Swim, Bike, Run

Year-round they meet – on the trails, along the roads, in local pools and quarries, and even in banquet halls. After 15 years of uniting everyone from Olympic-class athletes to toddlers and grandparents in the joys of active living, Caledon’s C3 still offers Canada’s premier cross-training environment. Here’s why.

March 24, 2011 | | Back Issues

Caledon’s C3 is still changing lives

Year-round they meet – on the trails, along the roads, in local pools and quarries, and even in banquet halls. After 15 years of uniting everyone from Olympic-class athletes to toddlers and grandparents in the joys of active living, Caledon’s C3 still offers Canada’s premier cross-training environment. Here’s why.

It’s not intentional, but even the name “Mega Day” sounds a tad intimidating. And to the uninitiated like me, C3’s twice-monthly, full-day, multi-sport training event can be just that.

Pounding dance-club-like music vibrates through the corridor leading up to the banquet hall of the Caledon Community Complex. Peering into the dimly lit room, I see 100-plus C3 members spinning madly on bike trainers, some watching cycling footage on a large screen in the corner. Directly up front, a spotlight highlights two athletes spinning on an elevated stage, calling out bits of inspiration and guidance.

Two thoughts come to mind. First, that’s a lot of Lycra. Second, could my body fat percentage be more than the combined total of this room?

C3 founder and former Olympic coach Barrie Shepley. Photo Trent Dilkie

C3 founder and former Olympic coach Barrie Shepley. Photo Trent Dilkie

However, first impressions can be deceiving and, as C3 founder and former Olympic coach Barrie Shepley points out, the strength of the non-profit Canadian Cross Training Club, C3 for short, is still very much in the diversity of people it inspires.

He points to a middle-aged woman in a loose sweatshirt. “She’s here training to compete in a 5K run for charity,” he beams. “And that guy up front in blue is 62 and a prostate cancer survivor. He was a marathon champion and is now training for Ironman Austria.”

Then he points out Claudia Johnston on the stage – a 37-year-old mother of five who came third in her age group at the fabled Kona Ironman World Championships in Hawaii. “And there’s Niko, 13,” Shepley says. “He came out running with a few of us in minus-27° weather last Sunday.”

Although Shepley’s extensive credentials in-clude training Canadian triathlon icon Simon Whitfield to Olympic gold in 2000, it’s clear he just loves a good cross-training success story, never mind the subject’s shape, size, age or fitness goal.

In this, he reminds me of the minister at Streetsville United Church when I was growing up. He used to say, “The measure of a person is not where they are, but how far they’ve come.”

It seems Shepley and his C3 followers use the same measure for an athlete. And indeed, it’s with religious-like fervor that they embrace and support members, no matter how grand or humble their goals – winning a national title or shedding a few pounds.

On the following pages we meet a few of the many athletes who, with the help of the C3 community, have come a long way and inspired others in the process.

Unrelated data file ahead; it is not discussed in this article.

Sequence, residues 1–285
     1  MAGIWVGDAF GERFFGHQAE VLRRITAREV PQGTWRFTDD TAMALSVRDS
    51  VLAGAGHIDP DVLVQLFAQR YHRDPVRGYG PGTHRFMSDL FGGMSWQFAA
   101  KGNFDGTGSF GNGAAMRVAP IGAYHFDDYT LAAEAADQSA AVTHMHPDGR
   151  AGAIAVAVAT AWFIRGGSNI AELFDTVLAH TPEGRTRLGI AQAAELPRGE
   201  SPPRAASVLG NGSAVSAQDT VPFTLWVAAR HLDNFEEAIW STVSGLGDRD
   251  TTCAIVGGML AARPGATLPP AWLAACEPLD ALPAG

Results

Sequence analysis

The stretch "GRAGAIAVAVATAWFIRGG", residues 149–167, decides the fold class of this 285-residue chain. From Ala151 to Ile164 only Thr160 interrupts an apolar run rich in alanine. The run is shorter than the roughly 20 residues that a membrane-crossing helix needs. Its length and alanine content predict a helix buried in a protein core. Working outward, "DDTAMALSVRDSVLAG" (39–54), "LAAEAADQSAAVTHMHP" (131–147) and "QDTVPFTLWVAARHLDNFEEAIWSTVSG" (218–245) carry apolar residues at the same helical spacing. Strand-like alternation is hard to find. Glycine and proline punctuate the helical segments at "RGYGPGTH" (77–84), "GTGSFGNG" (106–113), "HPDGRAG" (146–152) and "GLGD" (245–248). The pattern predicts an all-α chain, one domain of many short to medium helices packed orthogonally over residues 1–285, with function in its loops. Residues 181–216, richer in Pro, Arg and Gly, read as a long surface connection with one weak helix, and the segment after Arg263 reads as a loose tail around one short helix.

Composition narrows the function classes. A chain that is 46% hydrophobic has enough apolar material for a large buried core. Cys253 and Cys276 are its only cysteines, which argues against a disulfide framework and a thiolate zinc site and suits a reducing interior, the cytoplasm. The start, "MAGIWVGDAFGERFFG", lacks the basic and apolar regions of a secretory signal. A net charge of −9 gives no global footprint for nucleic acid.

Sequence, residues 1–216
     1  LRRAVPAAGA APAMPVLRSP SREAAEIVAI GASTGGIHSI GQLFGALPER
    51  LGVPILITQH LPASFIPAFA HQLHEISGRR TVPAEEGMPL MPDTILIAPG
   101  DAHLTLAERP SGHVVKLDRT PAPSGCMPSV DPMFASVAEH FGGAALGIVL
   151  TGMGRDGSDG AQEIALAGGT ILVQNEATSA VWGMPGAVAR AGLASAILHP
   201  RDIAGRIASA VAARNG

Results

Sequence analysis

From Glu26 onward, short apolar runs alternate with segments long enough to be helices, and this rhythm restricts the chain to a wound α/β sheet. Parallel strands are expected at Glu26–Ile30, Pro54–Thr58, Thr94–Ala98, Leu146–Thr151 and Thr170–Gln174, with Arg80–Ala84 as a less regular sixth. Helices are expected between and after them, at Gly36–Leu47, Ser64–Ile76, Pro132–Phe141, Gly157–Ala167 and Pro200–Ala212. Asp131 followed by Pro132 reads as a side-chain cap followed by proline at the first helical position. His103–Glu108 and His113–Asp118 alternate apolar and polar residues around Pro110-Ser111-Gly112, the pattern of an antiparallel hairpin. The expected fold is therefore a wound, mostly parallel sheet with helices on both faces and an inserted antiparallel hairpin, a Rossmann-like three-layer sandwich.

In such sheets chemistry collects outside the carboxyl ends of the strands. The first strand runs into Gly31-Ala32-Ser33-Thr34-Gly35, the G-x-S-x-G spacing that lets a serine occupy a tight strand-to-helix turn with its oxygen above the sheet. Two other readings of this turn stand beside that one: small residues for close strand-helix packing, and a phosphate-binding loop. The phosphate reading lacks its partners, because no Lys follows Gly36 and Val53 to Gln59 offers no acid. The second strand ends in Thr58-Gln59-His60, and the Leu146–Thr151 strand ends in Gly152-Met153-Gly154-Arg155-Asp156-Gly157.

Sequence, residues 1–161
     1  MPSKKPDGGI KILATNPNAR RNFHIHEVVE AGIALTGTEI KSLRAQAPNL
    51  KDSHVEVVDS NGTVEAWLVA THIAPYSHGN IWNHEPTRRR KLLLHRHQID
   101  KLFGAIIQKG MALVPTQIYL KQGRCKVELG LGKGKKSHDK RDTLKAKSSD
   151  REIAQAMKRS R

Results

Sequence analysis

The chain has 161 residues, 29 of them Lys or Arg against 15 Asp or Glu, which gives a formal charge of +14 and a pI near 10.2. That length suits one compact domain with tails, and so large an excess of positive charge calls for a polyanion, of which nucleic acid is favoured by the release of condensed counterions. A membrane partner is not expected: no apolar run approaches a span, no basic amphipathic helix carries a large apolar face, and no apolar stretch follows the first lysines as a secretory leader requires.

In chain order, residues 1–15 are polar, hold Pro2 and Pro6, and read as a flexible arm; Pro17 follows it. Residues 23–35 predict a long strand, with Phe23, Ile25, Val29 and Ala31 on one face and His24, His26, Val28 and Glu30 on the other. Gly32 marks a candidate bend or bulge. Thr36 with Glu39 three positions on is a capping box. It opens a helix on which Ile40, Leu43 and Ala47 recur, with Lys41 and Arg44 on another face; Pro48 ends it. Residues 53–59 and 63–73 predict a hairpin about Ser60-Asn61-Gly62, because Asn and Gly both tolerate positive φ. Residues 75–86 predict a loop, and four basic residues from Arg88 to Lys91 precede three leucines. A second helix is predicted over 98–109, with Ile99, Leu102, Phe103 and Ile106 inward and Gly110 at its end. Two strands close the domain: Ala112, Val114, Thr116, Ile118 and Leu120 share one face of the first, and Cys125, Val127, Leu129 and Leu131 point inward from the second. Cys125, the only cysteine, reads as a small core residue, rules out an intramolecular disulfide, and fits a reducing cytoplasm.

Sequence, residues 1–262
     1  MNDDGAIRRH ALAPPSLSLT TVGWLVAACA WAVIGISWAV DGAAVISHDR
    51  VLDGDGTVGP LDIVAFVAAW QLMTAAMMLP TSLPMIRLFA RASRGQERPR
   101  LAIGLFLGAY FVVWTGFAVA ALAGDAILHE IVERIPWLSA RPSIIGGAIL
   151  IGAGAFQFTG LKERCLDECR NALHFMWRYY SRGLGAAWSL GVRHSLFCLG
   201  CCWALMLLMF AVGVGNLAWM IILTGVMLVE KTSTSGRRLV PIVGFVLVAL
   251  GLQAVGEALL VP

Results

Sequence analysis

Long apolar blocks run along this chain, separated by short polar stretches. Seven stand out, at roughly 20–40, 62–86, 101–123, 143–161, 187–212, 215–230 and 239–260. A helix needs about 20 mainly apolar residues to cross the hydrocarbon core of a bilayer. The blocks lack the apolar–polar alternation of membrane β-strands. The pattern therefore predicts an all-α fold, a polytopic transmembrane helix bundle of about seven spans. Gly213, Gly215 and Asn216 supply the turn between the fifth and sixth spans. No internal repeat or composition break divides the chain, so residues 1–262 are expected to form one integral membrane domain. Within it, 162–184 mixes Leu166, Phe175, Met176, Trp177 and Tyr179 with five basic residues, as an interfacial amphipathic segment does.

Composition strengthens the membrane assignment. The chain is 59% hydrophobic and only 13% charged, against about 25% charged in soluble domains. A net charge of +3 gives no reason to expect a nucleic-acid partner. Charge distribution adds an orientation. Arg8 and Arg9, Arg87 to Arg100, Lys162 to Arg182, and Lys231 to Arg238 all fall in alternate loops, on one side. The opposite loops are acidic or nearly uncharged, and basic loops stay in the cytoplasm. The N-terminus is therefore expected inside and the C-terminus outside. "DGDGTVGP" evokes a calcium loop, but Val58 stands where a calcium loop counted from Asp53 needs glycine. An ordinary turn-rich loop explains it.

Niko Racicot

Nico completed the running portion of the Port Sydney triathlon short a shoe.

Nico completed the running portion of the Port Sydney triathlon short a shoe.

For multi-talented, multilingual, grade-eight honour student, Niko Racicot, the stark challenges of triathlon would seem a natural fit with his innate focus and determination. Any success this wiry 13-year-old has achieved, however, has been hard won and Niko himself gives his connection to C3 a good deal of the credit.

Niko first attempted triathlon in 2005 at an event near his family’s Muskoka cottage. “Triathlon is just so unique,” he says. “It was a fun challenge that I really enjoyed the first time I did it.” Despite this enthusiasm, Niko struggled to improve upon several near-last-place finishes in those first few years.

Over the spring and early summer last year, he signed up for some C3 clinics. Barrie and the other coaches helped balance his training in swimming, biking and running, and the skills he picked up had an immediate impact on his performance.

“I learned things like how to dolphin dive to start my swims,” says Niko, “And how to cut time by hanging my helmet upside down on my bike or not putting on socks in my transition to the bike.”

In July, Niko celebrated his first podium finish, a bronze medal at the 2010 Port Sydney Triathlon near his cottage. “The most exciting and rewarding moment was hearing my name called and climbing on the podium to get my third-place medal,” he says. “Here I was – second to last in the same race five years ago and now I’m third!” Soon thereafter Niko signed up for C3’s year-round training.

Niko says C3 has taught him just how much work is involved to succeed. Most influential is the chance to train alongside such elite triathletes as Dave Sharrat and Sean Bechtel. He says, “It’s just inspiring to work with people who compete at nationals and world championships.”

Still, you don’t have to be an elite athlete to be an inspiration. Following his son’s lead, Niko’s father Mark recently joined C3’s Sunday runs – joining all the newcomers at the rear while his son helps set the pace.

Kim Nelson

Kim has qualified five times for Ironman World Championships in Hawaii.

Kim has qualified five times for Ironman World Championships in Hawaii.